At the age of 35 Sam Houston, whose 200th birthday was celebrated in Texas and at Sam Houston State University March 2, 1993, was already being mentioned as a possible candidate for the presidency of the United States.
He was governor of Tennessee, had a friend in the White House in Andy Jackson, and had only one political liability. He was not married, and as Marquis James describes his reputation in "The Raven," "there had been too much toasting the ladies."
Houston's failed marriage to Eliza Allen took him out of the presidential picture during the early part of his career. But after years of achievement in Texas it was his independent spirit--call it stubbornness or statesmanship--that doomed subsequent chances when the nation needed him most.
By the early 1850s Sam Houston was a U. S. Senator from Texas. His leadership at San Jacinto had opened the west to expansion. He had served as president of the Republic of Texas twice, was happily married, and was proclaiming himself a "teetoteller."
In the spring of 1850 Ashbel Smith wrote to Sam Houston, calling him "decidedly the strongest candidate of the Democratic party," saying even the rival Whigs believed he could be elected.
Houston supported the Compromise of 1850 with the words "a nation divided against itself cannot stand." Eight years later Abraham Lincoln used a similar phrase. "The New York Sun" proposed Houston for president, calling him "a man not influenced by sectional prejudices."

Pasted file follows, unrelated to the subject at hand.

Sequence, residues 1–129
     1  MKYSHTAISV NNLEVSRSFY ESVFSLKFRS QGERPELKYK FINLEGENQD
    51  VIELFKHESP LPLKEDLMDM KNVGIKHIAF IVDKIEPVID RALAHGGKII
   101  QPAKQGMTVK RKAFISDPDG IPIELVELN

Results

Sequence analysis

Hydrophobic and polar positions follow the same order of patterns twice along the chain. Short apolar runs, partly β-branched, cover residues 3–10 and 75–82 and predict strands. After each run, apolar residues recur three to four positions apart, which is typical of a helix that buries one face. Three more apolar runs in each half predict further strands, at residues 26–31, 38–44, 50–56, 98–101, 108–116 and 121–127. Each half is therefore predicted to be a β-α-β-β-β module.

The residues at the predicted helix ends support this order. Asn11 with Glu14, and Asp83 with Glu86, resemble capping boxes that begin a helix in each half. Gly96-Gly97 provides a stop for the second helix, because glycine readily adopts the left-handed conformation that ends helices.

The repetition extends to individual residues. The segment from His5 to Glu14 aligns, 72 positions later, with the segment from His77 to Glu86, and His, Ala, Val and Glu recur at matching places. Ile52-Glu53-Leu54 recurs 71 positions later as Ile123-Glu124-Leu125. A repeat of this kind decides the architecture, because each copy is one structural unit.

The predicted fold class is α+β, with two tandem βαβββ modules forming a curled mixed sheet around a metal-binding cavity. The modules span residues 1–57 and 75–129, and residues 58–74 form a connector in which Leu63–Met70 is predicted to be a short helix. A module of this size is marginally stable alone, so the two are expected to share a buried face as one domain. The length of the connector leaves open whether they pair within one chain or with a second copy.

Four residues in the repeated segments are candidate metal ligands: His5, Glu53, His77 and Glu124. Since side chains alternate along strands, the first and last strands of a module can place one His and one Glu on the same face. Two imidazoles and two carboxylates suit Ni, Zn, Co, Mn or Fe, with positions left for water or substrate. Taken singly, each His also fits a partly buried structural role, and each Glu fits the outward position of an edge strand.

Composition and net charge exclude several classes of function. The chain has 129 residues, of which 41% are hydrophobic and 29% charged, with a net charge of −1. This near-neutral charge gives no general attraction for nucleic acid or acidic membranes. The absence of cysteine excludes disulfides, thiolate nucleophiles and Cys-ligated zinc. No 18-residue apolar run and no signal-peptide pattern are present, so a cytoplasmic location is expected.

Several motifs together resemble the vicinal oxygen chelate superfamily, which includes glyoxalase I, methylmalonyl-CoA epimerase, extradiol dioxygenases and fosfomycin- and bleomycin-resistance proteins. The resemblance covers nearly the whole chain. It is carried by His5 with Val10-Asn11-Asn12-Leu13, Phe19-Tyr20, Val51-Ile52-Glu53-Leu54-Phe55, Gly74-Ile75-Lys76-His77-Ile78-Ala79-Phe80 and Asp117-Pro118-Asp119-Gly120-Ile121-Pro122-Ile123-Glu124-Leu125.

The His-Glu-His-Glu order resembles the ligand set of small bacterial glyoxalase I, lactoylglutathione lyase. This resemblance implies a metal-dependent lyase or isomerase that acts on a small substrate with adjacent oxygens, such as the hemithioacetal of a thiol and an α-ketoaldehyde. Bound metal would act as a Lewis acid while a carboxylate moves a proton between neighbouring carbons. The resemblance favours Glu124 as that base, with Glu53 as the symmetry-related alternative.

When it came to public relations skills, Houston was a chip off the Old (Hickory) block. Jackson had appointed the first presidential press secretary. Houston gave advance copies of his speeches to the press.
Andrew Johnson, the future Lincoln vice president and successor, said that "all agree that if he could receive the nomination that he could be elected by a greater majority than any other person now spoken of."
The political powers, however, did not select Houston.
In 1854 the Kansas-Nebraska Act was proposed to repeal the Missouri Compromise and allow citizens of the two new territories, Kansas and Nebraska, to decide if slavery was to be allowed. The South favored the bill, which passed.
Houston opposed it, arguing that "Upon the decision which we make..must depend union or disunion." He came back to Texas and said that while his vote was "the most unpopular...I ever gave, it was the wisest and most patriotic." Southern Democrats never forgave him.
Houston turned to the nativist American, or Know-Nothing, party. At first using the memorable line, "Of the Know-Nothings I know nothing," he later supported them openly.
Gregg Cantrell, former professor of history at Sam Houston State University, said that the party dogma fit Houston's republican belief on the threat of corrupting power and his ideas on race--"in the primacy of environment in determining human intelligence and character."
In 1856 the Know-Nothing platform accepted the Kansas-Nebraska Act and Houston was passed over again.
In 1860 his name was placed in nomination by the National Union party by an enthusiastic delegate from New York who said:
"Give us this man, whose blood once ran like water in defense of the union now imperilled; who fought the Indians when they were enemies and lived with them when they were friends; who has been governor of two states; who has drawn his sword in defense of two republics; who has been president of one and is now on his way to that high office in another."
Although Houston did well on the first ballot, he was eventually rejected.
Had Houston become president, the force of his leadership may have somehow spared the United States its bloody civil war, and the United States today might include Mexico. Historian Walter P. Webb wrote in his book on the Texas Rangers that Houston's "grand plan" was to be president and savior of the union and to establish a protectorate over Mexico.
By those measures he was a failure. By almost any other he was not.
Andrew Jackson predicted, and it is written on the monument at Houston's grave in Huntsville: "The World Will Take Care of Houston's Fame."
Text by: Frank Krystyniak